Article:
UPDATED: Quesnel’s air quality advisory lifted

Concentrations of fine particulate matter have returned to normal

Updated March 6 at 9:25 a.m.:

The air quality advisory for Quesnel has been lifted.

“Fine particulate levels have returned to normal and are expected to remain low due to changing weather conditions over the next days,” according to the Ministry of Environment and Climate Change Strategy.

The average fine particular matter (PM2.5) concentration in Quesnel over the last 24 hours is down to 21.7 micrograms per cubic metre, which is below the provincial acceptable limit of 25. When the advisory was issued yesterday, the concentration in Quesnel was 26.8.

According to the provincial government’s website, PM2.5 is particulate matter that measures 2.5 microns and less, and the source is combustion of fossil fuels and wood (motor vehicles, woodstoves and fireplaces), industrial activity, garbage incineration and agricultural burning.

Original story:

An air quality advisory has been issued for Quesnel.

The Ministry of Environment, in collaboration with Northern Health, has issued an air quality advisory for Quesnel and says high concentrations of fine particulate matter are expected to persist until weather conditions change this evening or tomorrow.

This advisory remains in effect until further notice.

“Exposure to fine particulate matter is of particular concern for infants, the elderly and those who have diabetes, and lung or heart disease,” according to the Ministry of Environment and Climate Change Strategy. “Persons with chronic underlying medical conditions should postpone strenuous exercise until the advisory is lifted. If you are experiencing symptoms such as continuing eye or throat irritation, chest discomfort, shortness of breath, cough or wheezing, follow the advice of your health care provider. Staying indoors helps to reduce exposure to fine particulate matter.”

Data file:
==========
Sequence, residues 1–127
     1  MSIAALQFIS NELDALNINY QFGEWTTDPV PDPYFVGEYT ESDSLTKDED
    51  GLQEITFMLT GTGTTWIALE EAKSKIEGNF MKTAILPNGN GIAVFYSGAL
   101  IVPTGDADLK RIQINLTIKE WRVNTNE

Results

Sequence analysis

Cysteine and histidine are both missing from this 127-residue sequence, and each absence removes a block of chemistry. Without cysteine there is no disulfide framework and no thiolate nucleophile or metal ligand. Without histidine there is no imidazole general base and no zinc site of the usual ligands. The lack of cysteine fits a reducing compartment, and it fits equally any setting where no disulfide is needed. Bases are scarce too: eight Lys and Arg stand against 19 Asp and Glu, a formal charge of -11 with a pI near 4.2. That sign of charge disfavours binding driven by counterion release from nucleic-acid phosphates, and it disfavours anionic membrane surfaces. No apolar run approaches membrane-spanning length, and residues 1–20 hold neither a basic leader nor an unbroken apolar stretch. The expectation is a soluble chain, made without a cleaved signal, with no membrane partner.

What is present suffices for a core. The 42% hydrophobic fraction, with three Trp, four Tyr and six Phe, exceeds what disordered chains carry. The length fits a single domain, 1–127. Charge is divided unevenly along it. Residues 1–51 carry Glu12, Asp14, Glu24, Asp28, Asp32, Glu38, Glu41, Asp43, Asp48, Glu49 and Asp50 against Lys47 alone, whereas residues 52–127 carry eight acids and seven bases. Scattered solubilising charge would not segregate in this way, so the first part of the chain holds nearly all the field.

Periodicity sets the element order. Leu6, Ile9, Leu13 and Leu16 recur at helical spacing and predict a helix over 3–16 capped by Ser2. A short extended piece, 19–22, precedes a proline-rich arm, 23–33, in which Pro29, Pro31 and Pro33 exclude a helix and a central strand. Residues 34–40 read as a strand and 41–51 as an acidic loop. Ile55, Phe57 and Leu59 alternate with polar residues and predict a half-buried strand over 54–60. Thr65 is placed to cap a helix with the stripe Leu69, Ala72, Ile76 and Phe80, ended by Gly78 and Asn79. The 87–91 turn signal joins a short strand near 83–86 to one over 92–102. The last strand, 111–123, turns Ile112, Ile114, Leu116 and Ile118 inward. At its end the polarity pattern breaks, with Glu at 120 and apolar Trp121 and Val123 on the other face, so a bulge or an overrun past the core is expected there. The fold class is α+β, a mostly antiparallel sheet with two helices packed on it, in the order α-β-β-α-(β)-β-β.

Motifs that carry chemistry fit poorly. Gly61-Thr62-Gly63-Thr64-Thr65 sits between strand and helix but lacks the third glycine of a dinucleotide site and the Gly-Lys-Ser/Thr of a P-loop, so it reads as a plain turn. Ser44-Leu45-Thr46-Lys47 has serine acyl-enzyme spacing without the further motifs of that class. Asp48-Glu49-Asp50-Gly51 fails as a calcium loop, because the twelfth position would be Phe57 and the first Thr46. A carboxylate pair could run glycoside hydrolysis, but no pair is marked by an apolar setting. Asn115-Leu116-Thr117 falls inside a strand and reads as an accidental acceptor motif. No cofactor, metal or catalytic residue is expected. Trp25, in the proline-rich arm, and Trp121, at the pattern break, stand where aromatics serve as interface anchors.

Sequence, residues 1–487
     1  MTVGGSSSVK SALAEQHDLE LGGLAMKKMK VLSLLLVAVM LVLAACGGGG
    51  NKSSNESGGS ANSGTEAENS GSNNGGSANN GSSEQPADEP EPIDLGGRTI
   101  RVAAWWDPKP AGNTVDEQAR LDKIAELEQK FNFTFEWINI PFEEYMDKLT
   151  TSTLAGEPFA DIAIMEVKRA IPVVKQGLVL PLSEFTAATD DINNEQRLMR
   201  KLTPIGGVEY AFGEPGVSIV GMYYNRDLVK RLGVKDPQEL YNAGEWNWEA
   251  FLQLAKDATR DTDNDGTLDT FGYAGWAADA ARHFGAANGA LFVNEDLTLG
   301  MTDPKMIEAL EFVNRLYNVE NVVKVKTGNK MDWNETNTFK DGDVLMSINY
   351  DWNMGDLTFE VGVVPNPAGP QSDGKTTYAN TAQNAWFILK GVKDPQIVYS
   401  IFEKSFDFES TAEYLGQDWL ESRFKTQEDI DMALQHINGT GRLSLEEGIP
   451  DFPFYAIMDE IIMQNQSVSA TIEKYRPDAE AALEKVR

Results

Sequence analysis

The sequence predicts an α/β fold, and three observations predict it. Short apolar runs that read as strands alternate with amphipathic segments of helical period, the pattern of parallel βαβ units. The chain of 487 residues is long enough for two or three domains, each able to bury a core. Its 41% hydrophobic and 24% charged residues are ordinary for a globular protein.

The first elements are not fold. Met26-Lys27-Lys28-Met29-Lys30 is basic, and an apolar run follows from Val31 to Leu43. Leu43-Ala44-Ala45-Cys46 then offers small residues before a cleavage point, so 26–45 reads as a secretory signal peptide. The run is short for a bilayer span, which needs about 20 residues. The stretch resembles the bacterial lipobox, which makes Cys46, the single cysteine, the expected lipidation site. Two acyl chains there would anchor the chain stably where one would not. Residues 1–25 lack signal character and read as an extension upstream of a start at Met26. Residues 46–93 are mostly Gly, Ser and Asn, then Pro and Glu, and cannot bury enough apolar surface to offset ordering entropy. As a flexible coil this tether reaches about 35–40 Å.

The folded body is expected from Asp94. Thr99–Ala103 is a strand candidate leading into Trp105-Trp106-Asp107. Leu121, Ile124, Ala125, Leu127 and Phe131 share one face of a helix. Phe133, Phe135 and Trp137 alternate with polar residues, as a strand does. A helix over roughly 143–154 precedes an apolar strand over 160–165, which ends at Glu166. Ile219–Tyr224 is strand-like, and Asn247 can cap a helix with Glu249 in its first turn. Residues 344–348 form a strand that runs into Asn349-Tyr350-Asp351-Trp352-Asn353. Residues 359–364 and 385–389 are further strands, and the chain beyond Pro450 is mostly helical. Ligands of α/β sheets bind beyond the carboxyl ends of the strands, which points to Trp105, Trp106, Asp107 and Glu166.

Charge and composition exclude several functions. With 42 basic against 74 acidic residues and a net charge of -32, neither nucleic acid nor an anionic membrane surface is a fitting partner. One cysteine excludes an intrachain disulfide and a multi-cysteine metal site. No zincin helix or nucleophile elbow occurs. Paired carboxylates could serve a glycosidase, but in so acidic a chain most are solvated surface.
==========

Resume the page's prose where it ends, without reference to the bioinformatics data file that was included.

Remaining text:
According to the ministry, fine particulate matter (PM2.5 ) concentrations are likely to remain elevated until weather conditions change. The highest concentrations will occur during the evening and early morning hours.

The Provincial Ambient Air Quality Objective (or provincial acceptable limit) for PM2.5 is 25 micrograms per cubic metre, averaged over 24 hours. As of 11 a.m. Tuesday, March 5, the 24-hour average PM2.5 concentrations for Quesnel is 26.8 micrograms per cubic metre. The average in Prince George is 25.6, while Williams Lake’s average is 13.1.

Real-time air quality observations and information regarding the health effects of air pollution can be found at bcairquality.ca.

Just Posted

Forestry Ink: BC and Canadian pulp industry doing better

Regular columnist Jim Hilton looks at what is happening in the pulp and paper industry

Cottonwood House Historic Site opens with limited service for 2019

Capital upgrades are taking place at the site, but it’s still open to walkers, hikers and picknickers

Quesnel kung fu dojo holds tourney

Three clubs exhibited their skills for family, friends and instructors

West Quesnel’s West Village Community Garden hosting Plant Day May 25

Community members invited to come help plant vegetables and learn about the garden

Kids find friendship, confidence in Quesnel youth choir

The In Song choir performed on Monday, May 13

UPDATE: B.C. pilot killed in Honduras plane crash

The crash happened in the Roatan Islands area, according to officials

Raptors beat Bucks 118-112 in 2OT thriller

Leonard has 36 points as Toronto cuts Milwaukee’s series lead to 2-1

‘Teams that win are tight’: B.C. Lions search for chemistry at training camp

The Lions added more than 50 new faces over the off-season, from coaching staff to key players

Rescue crews suspend search for Okanagan kayaker missing for three days

71-year-old Zygmunt Janiewicz was reported missing Friday

B.C. VIEWS: Reality of our plastic recycling routine exposed

Turns out dear old China wasn’t doing such a great job

Carbon dioxide at highest levels for over 2.5 million years, expert warns of 100 years of disruption

CO2 levels rising rapidly, now higher than at any point in humanity’s history

B.C. residential school survivor’s indomitable human spirit centre of school play

Terrace theatre company plans to revive Nisga’a leader Larry Guno’s Bunk #7 next year

B.C. ferry stops to let black bear swim past near Nanaimo

Queen of Oak Bay brakes for wildlife in Nanaimo’s Departure Bay

Mother dead, child in critical condition after carbon monoxide poisoning at Shuswap campground

The woman was found unresponsive insider her tent and the youth was taken via air ambulance to hospital

Most Read